Help make my musical journey a great one!
January 21, 2011 10:34 AM   Subscribe

As an adult, I'm finally trying to explore my musical side. I'm leaning towards electric guitar and/ or piano. Lots of special details and questions inside!

So, I broke up with my live-in boyfriend a couple months ago, and now I'm feeling seriously in need of a new hobby. I want to learn to do something musical. It's time.

Background: I know NOTHING about music. My parents didn't want to pay for it when I was a kid, so I grew up doing art instead. I can't sing or even whistle- I think my talents mostly lie in hand-eye coordination, so an instrument seems to be the way to go. I have been going back and forth between piano/keyboard and electric guitar, and after reading this helpful thread I think I'm leaning towards guitar. Well, to be honest, I kind of want to do both. I was thinking of getting one of those cheap $100 keyboards at Target or something just so I can learn to read music, etc. But I think for my long-term goals (of having fun, rocking out and generally kicking ass), electric guitar is what I want. For now I just want to learn how to play songs I already know and love. But in case I decide at some point to try writing a song, I'm hoping that practical lessons learned on the keyboard will come in handy. I don't have any specific time frame in mind for my musical goals. I just want something to fill my time with that's more useful than hours on end wasted in front of my laptop!

I can't afford lessons, really, at all. (I shouldn't even be buying intruments actually, but fuck it, you only live once.) But I enjoy the challenge of teaching myself new things, so I want to give it a crack.

So here are my questions:
1. Will trying to learn both keyboard and guitar simultaneously be useful in any way? Or is it really best to start with one?
2. Will a cheap keyboard be sufficient for me to learn all the *good stuff* that people say comes from learning piano? Is the Target special reasonable for learning the basics, or should I go to a music store? (Any recommendations welcome.)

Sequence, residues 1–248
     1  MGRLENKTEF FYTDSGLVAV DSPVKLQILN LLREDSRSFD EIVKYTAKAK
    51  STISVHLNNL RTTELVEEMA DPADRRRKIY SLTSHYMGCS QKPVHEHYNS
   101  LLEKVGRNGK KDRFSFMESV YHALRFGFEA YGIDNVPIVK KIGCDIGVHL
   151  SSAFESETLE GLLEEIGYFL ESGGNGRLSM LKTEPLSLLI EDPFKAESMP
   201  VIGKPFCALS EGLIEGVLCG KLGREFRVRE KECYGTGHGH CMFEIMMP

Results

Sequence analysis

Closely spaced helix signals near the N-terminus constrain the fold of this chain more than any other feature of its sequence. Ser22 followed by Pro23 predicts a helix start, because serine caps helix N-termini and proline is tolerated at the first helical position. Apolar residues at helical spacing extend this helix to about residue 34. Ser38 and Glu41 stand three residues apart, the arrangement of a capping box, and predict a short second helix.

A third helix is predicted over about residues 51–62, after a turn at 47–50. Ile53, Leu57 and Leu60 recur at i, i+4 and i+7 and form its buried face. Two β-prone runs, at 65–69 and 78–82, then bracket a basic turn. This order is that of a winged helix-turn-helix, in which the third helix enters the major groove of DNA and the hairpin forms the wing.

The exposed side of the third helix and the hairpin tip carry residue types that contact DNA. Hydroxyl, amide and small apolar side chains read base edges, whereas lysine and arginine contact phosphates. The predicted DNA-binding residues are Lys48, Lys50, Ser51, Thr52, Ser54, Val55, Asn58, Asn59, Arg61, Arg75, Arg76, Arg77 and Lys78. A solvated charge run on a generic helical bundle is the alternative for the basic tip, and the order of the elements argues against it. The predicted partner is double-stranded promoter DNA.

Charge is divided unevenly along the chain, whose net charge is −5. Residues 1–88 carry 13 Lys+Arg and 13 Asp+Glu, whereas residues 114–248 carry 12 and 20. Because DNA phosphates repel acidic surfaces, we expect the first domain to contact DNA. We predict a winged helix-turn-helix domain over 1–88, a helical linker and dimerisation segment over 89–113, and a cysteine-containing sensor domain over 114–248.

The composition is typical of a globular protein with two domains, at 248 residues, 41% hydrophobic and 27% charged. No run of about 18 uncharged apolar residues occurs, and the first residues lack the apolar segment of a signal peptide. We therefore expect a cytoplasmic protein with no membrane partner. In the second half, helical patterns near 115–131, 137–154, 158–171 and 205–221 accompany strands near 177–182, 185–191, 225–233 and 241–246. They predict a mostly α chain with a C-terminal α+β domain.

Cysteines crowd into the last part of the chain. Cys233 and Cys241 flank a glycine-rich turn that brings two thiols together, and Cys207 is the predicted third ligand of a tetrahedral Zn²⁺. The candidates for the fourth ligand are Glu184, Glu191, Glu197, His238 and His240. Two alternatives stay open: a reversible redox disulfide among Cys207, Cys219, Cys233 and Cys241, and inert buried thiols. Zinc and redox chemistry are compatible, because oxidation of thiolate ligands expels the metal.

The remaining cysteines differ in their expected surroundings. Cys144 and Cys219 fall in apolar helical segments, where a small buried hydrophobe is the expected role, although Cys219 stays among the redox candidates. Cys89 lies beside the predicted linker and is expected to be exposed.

3. How about recommendations for a decent electric guitar for a beginner on a budget? (I have small hands, so it can't be huge.)
4. What other things will I need to buy with my guitar and how much does that stuff cost? (amps, etc?) If I put this plan into action what is the lowest amount of $ I could reasonably be looking at spending?

Like I said, I really know NOTHING about music or instruments, so please explain it to me like a 5-year-old. However, I do know a lot about art (theory, composition, different mediums, techniques, etc.) so any metaphors relating art concepts to music ones would probably be really helpful. But yeah, otherwise generally explaining to me like I'm five would be great.

Important: I live in an apartment building and have neighbors below. I don't want them to hate me. I figured the keyboard is no problem with headphones, how about the guitar? I know I can plug headphones into that too, but in another AskMe thread some people said it was important to learn with an amp. If I do this on low volume on a rug or something, will the noise level be reasonable? I don't want an acoustic.

I live in the Chicago area, so any specific recommendations for places to go are welcome. I was just going to go to Guitar Center or something unless I get a better suggestion.

Last but not least, any links to great websites, books, videos, etc. I can use to teach myself would be great!
posted by GastrocNemesis to Media & Arts (31 answers total) 22 users marked this as a favorite
Well, some things to keep in mind:

-If you want to learn to read sheet music, you might want to go with piano (or both). You *can* learn to play guitar using sheet music I guess, but with popular music and so forth, you generally use tabulator, which is a whole different ballgame.

-As long as a keyboard, cheap or not, has enough keys/octaves, it shouldn't be a problem to learn with it. Just keep in mind it won't be the exact same experience as a piano - still not quite as many keys, no pedals to work, and so on. But no reason you can't learn on the keyboard.

-Although they may make scaled-down guitars for kids or something, generally the frets are going to be all the same width, distance, etc. If you have really tiny hands you may have a problem playing some of the chords or whatever, but generally you can figure out a way to work around things.

-To learn an electric guitar you'd probably want the guitar, an amp (just a practice amp should do to start with), and you could look at pedals for effects. Distortion would be the main one you want, but there are some other ones you might want to play with eventually. Extra strings are going to be good, because even if none ever break you're eventually going to want to change them. Some sort of tuning device, whether it's as simple as a tuning fork/pitch pipe up to the electric types. A strap and probably a case for the guitar would be handy (you *can* play an electric guitar just sitting around, but chances are at some point you're going to want to stand up and play, and cases are good if you want to take it anywhere). Oh, and some picks, at the very least until you see if you prefer finger picking or... uh... pick-picking. (There are other toys, like glass slides and so on, but that can come later!) Sorry, I have *no* idea what this stuff would cost these days, but it'll add up, sorry.